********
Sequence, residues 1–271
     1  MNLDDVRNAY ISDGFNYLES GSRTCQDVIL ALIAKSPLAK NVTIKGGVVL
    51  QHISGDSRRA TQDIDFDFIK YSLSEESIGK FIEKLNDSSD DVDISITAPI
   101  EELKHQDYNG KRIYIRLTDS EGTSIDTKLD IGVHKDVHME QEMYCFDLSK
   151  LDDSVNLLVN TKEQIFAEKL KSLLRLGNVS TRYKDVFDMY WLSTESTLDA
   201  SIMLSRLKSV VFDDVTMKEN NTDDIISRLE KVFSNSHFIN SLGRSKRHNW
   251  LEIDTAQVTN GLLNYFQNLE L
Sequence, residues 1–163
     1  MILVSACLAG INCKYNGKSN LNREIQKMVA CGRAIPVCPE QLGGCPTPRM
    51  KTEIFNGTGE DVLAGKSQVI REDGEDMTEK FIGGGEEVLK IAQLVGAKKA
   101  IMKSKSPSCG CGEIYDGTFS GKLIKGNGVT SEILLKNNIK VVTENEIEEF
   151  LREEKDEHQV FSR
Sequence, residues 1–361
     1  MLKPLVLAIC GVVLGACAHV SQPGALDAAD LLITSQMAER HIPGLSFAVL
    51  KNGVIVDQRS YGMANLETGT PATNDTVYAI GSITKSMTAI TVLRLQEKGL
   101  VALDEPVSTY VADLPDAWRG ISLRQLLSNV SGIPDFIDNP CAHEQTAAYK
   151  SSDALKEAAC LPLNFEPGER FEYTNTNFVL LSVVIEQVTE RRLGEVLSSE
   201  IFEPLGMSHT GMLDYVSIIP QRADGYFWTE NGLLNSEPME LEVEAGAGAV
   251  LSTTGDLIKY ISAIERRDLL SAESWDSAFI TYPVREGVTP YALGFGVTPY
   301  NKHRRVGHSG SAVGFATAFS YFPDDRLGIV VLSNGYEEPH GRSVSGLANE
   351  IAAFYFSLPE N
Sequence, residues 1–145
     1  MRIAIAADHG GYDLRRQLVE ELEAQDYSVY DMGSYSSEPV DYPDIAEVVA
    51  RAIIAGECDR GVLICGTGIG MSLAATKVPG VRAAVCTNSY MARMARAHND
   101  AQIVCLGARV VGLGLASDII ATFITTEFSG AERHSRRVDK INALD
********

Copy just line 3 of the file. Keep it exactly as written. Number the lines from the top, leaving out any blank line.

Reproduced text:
    51  QHISGDSRRA TQDIDFDFIK YSLSEESIGK FIEKLNDSSD DVDISITAPI